Hevelius’s depiction of Mons Maenalus,
and a confusion of identity

Boötes stands on Mons Maenalus on this plate, Fig. F, from the Firmamentum Sobiescianum star atlas of Johannes Hevelius published in 1690. However, even its inventor seemed uncertain as to what the new constellation should actually be called.

For a start, in some copies of the atlas there is a version of the Boötes chart in which the name of the mountain is spelled Menalis (see illustration below).

Evidently there must have been an initial printing of the charts with this spelling, probably in 1687 when the frontispiece of the atlas is dated. This was then caught and changed for subsequent printings, accounting for the odd-looking ‘Æ’ and ‘U’ in the engraving at the top of the page, clearly modified from the original ‘Menalis’. Most extant copies of the atlas contain the amended version of the Boötes plate.

Yet another variation is found on Hevelius’s charts for Canes Venatici and Virgo, where the name is written with a so-called caudate e, an e with a tail (ę), which was an archaic way of representing the ligature æ. Again, in both cases, the name was originally engraved with an ‘i’ in Menalis which has later been changed to a ‘u’.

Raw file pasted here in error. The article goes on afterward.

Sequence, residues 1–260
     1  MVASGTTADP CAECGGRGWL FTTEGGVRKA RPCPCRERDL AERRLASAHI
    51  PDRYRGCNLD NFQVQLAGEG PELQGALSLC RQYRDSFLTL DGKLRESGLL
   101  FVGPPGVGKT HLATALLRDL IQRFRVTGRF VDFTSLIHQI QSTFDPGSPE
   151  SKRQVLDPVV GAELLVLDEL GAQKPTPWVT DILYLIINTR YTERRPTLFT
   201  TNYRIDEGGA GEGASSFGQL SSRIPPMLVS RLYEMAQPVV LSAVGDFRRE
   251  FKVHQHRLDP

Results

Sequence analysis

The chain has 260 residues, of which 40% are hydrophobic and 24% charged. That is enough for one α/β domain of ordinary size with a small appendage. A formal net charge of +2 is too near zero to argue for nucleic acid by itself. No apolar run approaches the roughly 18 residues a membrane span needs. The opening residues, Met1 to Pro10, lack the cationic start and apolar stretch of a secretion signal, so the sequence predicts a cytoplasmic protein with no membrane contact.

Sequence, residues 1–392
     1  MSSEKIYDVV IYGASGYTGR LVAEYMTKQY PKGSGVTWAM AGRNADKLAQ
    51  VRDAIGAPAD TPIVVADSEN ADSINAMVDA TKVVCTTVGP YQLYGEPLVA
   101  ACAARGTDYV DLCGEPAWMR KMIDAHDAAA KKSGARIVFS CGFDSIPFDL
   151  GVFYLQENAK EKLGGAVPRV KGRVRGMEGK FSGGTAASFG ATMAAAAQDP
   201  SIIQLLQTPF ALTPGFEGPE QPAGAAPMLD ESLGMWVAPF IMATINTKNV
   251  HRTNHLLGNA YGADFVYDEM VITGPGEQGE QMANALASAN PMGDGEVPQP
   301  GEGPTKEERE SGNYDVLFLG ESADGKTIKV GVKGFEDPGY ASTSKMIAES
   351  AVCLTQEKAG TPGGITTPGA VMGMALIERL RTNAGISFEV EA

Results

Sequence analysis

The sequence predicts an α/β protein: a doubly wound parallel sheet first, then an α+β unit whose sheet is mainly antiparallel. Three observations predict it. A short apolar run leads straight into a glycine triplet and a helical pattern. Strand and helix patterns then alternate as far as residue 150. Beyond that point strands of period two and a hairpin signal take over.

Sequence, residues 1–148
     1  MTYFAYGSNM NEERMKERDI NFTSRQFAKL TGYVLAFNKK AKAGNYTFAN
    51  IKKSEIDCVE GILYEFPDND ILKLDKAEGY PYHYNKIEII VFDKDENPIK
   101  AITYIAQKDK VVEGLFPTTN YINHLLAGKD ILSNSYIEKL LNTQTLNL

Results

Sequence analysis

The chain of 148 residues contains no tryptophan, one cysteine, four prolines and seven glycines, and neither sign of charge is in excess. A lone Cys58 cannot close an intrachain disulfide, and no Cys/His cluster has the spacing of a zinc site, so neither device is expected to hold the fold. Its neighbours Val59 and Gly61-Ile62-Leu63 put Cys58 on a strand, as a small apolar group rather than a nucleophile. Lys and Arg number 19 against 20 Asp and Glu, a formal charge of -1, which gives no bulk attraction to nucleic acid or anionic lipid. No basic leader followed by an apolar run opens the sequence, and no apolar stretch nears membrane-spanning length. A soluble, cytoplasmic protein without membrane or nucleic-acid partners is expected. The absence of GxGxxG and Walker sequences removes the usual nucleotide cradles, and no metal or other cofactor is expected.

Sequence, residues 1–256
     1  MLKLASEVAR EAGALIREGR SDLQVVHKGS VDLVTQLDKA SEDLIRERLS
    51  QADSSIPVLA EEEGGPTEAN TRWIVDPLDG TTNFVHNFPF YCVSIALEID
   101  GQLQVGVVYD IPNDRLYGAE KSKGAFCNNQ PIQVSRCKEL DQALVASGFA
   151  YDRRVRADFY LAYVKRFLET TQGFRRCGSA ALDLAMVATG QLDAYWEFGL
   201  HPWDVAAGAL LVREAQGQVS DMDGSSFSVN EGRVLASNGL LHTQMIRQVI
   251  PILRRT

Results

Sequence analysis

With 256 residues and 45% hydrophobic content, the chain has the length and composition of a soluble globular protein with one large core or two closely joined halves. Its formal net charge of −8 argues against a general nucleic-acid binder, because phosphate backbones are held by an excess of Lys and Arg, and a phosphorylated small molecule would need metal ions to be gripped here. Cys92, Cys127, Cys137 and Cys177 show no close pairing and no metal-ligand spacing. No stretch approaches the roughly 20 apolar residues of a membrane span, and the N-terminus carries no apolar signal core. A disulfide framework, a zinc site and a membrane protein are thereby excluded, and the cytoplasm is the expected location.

Adding to the confusion, Hevelius was inconsistent in the spelling of the name throughout his accompanying text, for example using Mons Mœnalus (rather than Mænalus) in the index to the constellations shown on the charts, while in his star catalogue itself (where its stars are listed as part of Boötes) he uses the æ ligature rather than œ.

On Hevelius’s northern hemisphere chart, which is dated 1686, the year before the rest of the atlas, the name of the constellation is given as Mænalus (see above), so it is difficult to understand why it was written differently on the various individual charts and in the accompanying text.

Note, incidentally, that Hevelius showed his figures as though drawn on a globe, so they appear reversed from the way we see them in the sky.

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